With Dreams of Rivers and Seas, Tim Parks takes his novelistic gaze away from decadent Europe and brings us a story of overseas visitors in India. Fortunately, it’s one that’s far more nuanced and complex than Paul Theroux’s recent The Elephanta Suite.
The central -- though absent -- presence here is that of Albert James, a discipline-crossing anthropologist, loosely based on Gregory Bateson. Albert dies of prostate cancer while in New Delhi and, following a phone call from his wife, Helen, their son John arrives from London for the funeral. Also in the mix is journalist Paul Roberts, long-time admirer of Albert, who hopes to persuade Helen to assent to his plan of writing a biography of her late husband. The pas de troix that now ensues is complicated a while later with the arrival of John’s girlfriend, Elaine.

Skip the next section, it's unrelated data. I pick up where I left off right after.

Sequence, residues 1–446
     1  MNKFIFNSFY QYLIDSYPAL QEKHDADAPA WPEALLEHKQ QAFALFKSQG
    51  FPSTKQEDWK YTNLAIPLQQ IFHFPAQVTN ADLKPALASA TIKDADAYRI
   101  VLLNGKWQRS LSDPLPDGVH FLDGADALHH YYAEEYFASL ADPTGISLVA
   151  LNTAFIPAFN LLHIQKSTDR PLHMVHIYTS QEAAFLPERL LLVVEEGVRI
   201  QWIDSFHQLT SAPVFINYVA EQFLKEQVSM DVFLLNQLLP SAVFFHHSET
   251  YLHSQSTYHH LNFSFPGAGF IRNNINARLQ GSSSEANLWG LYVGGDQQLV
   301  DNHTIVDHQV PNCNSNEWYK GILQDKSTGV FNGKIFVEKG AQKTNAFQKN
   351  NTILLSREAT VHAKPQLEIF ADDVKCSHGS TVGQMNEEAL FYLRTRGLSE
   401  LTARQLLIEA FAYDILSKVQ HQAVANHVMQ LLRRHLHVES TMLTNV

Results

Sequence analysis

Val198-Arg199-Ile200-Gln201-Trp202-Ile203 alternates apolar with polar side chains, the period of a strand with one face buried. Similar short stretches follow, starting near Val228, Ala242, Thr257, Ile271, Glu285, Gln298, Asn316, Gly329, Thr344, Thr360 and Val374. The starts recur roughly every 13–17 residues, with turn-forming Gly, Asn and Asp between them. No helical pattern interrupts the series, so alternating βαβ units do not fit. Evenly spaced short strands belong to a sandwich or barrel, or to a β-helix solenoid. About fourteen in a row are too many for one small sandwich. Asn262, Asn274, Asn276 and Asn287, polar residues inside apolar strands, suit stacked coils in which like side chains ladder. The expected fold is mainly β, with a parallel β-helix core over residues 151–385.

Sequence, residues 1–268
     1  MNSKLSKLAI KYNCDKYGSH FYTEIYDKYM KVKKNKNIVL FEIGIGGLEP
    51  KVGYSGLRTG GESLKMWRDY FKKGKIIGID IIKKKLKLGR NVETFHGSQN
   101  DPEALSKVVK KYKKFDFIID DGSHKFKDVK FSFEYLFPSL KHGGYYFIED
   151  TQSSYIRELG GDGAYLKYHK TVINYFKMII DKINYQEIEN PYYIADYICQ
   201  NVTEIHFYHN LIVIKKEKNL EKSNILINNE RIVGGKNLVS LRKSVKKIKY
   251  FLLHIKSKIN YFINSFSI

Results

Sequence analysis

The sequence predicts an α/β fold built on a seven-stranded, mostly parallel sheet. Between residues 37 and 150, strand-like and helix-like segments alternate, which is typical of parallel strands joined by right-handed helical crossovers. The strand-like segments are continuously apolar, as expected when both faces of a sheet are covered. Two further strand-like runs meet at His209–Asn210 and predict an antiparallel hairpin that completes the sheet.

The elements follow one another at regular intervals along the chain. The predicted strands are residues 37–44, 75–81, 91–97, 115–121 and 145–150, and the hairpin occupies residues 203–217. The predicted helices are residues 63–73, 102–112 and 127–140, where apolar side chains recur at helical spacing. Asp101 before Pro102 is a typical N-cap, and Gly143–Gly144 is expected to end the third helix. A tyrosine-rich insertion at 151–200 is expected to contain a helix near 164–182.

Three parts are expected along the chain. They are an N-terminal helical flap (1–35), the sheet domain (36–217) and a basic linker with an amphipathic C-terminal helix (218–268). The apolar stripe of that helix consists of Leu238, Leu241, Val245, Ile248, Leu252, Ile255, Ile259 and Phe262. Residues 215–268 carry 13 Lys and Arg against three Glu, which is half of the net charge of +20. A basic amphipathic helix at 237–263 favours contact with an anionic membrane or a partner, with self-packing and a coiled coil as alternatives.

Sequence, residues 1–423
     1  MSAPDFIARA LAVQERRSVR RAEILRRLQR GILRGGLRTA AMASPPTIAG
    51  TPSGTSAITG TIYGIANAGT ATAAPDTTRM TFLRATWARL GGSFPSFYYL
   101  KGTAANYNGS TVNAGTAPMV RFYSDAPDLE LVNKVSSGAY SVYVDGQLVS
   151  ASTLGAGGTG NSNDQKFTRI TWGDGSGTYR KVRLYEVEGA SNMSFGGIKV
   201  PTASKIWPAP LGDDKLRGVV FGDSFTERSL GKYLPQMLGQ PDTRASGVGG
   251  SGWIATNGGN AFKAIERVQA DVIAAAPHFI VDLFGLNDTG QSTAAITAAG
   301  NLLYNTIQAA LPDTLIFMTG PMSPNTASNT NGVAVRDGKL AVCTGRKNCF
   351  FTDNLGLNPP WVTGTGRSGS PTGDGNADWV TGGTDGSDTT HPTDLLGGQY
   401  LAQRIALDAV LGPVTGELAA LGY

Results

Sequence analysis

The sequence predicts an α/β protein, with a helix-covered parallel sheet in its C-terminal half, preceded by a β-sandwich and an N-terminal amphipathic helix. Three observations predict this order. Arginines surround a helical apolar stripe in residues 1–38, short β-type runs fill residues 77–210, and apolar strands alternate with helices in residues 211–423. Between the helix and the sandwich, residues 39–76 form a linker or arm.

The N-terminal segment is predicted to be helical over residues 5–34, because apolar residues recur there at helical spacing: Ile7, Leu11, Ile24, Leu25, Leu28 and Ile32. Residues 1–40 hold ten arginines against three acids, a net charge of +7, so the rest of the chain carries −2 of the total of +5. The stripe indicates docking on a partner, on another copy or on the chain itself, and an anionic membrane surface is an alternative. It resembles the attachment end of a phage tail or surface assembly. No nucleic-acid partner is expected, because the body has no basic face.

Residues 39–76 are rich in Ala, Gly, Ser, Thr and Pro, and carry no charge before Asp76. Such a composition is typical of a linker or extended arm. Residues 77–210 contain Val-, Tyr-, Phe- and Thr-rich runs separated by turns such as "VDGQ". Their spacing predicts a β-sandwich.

The plot arises organically out of John’s tortured thoughts, Helen’s helpless bravado and Paul’s self-serving curiosity. Parks has a keen eye for Delhi’s crowds, traffic and chaos, efficiently delineating his characters’ complex responses to them. He spins a spider’s web of ideas to do with the commonalities and differences in the ways which we interact and, as such, the novel also deals with more modern modes of communication such as text messages and e-mail.
Grace, despair, patterns of relationships, the inability to recognise one’s ambitions and the strength to endure are what fill these pages. Dreams of Rivers and Seas is at times dense, at times unnecessarily drawn out, at times unnerving – and always absorbing.
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